And if your production needs to be mobile, for instance because your on-air talent is walking & talking, or dancing, or moving in any other way, you should consider wireless audio for the lav or ear-worn microphone. Like good shotgun mics, wireless mic systems are available for a wide range of prices, from a few hundred, to many thousands per channel. I generally recommend that if you want the sound quality to be decent and also avoid the common frustrations with using cheap wireless systems, to start at around $500 per channel. Companies like Sennheiser, Shure, Lectrosonics, and Sony make a range of good quality systems just for this purpose. Another option is to use a small recorder that is hidden on the talent, like the Lectrosonics MTCR. The same challenges exist for the mic placement as discussed above in the lav mic section. Again, ear-worn or headworn mics can solve a lot of these problems. And, if you using a recorder rather than a wireless mic, you have to find a way to sync the audio and video files. The pros use timecode – a central clock on set that everything is sync’d to. But, a simple clap at the beginning of each take puts a nice spike on the audio and video sound tracks allowing you to easily sync the tracks in your video editor.
Then, the last thing to consider is that you must know a little bit about audio to get the most out of any of the above equipment. The number one most important thing to get right is your audio gain structure. This means that you’ll want to turn up the gain on your mic preamp or transmitter input high enough to get a good, solid signal, but not so high that you hear distortion on the audio peaks. Another important concept is to always test your setup – in other words, listen carefully to your test video for any problems like a nagging background noise, clothing rustle, distortion, hum, or otherwise bad audio – then take steps to remedy any of those issues. Learning to be a critical listener the way we are critical when looking at ourselves in the video is key to getting better at the audio side of things. There are plenty of online video tutorials for getting better sound in your videos. Curtis Judd, for instance, is a popular YouTuber who reviews equipment and provides video tutorials.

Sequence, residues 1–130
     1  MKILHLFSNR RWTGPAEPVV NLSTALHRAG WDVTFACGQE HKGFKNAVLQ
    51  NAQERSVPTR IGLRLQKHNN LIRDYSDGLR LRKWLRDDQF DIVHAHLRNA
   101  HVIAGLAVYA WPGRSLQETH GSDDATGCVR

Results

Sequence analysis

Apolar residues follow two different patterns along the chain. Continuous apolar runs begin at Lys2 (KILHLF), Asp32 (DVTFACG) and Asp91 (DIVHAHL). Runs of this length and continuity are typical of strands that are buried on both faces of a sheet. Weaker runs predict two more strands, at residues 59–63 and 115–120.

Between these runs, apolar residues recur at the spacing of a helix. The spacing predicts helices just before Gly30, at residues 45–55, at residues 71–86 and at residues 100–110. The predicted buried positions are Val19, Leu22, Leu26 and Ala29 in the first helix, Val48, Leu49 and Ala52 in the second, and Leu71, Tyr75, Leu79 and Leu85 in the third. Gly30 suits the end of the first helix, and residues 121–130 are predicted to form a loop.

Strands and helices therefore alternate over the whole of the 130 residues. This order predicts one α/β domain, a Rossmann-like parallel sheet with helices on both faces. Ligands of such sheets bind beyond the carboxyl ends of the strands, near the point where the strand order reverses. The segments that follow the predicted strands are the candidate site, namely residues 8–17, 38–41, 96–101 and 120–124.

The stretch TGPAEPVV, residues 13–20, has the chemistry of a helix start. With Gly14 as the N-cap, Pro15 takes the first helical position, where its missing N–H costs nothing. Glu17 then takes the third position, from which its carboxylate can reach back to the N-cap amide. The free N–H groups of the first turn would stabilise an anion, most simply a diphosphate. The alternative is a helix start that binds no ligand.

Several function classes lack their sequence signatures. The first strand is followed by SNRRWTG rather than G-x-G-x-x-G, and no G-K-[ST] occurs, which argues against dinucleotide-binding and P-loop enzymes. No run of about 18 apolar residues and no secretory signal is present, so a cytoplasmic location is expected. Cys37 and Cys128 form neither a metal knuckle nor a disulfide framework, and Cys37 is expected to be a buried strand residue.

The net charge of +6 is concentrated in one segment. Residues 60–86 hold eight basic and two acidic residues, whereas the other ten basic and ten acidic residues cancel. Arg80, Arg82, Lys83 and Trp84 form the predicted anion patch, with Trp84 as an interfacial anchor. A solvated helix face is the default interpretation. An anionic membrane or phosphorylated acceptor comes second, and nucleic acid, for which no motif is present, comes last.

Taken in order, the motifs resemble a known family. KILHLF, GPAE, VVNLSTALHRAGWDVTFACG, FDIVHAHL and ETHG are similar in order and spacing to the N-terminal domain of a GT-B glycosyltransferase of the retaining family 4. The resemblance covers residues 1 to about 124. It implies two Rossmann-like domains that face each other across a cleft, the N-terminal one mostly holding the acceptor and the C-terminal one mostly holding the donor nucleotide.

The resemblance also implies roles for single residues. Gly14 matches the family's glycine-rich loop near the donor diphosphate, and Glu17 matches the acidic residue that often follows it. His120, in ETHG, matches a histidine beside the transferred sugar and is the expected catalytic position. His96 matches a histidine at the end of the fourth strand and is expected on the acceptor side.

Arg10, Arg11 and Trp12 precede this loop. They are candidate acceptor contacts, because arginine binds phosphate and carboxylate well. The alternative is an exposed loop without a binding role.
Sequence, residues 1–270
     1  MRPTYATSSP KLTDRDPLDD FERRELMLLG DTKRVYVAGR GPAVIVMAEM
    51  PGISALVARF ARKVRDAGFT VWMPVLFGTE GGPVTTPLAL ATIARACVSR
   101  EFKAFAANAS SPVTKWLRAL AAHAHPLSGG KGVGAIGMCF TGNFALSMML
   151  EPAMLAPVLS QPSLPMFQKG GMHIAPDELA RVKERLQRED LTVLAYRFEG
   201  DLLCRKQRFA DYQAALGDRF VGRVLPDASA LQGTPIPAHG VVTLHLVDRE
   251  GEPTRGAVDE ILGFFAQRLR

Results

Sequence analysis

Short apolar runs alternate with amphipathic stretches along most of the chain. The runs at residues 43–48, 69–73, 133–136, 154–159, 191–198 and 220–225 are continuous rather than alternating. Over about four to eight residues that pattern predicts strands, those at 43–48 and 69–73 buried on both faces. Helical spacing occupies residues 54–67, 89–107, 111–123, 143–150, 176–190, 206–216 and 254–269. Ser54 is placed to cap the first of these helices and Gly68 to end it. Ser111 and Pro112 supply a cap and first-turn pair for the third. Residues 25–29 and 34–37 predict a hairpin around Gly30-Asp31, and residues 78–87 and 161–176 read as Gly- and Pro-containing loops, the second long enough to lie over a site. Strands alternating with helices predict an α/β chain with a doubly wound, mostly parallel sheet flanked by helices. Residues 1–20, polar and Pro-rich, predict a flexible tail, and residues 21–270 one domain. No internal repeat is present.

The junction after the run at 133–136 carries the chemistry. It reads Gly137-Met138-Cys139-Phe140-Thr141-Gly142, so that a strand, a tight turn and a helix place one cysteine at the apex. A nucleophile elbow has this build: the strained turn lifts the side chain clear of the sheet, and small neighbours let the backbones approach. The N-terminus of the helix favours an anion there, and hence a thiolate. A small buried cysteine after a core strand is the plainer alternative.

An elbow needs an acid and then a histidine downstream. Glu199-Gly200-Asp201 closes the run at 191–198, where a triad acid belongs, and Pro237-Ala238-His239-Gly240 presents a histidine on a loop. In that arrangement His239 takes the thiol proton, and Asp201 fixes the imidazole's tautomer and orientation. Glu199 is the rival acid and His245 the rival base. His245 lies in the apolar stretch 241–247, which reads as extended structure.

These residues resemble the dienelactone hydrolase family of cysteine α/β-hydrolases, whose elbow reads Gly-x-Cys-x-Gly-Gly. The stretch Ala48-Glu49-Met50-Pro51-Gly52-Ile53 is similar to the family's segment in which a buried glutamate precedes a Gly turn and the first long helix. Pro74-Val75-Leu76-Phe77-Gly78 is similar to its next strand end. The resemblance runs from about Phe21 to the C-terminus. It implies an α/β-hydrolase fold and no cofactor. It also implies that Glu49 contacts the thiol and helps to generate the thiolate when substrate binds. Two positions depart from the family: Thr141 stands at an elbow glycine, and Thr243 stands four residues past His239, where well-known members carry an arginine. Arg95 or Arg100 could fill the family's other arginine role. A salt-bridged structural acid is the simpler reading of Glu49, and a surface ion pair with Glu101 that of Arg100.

Finally, don’t be afraid to tweak the audio on your main subject dialog track in the video editing software. For starters, you’ll want to make sure the level is nice and full, with peaks coming fairly close (say, within 1 or 2 dB) of max level. And, you can add audio equalization if needed – boosting a little bit of upper frequencies is common, and cutting extreme lows to remove rumble from outside traffic, etc. Remember, there’s nothing in the human voice below about 70 Hz – you can generally cut everything below that. But again – be sure to listen to your tracks and compare them to other, good videos along the way.
Karl Winkler is a 25-year veteran of the professional audio industry and is currently Vice President of Sales and Marketing for Lectrosonics, Inc. Karl will be presenting more about wireless microphones at Church Facilities Conference & Expo in Dallas, taking place September 21-22, 2021. Register now with promo code CPED20 to save 20% off select conference passes.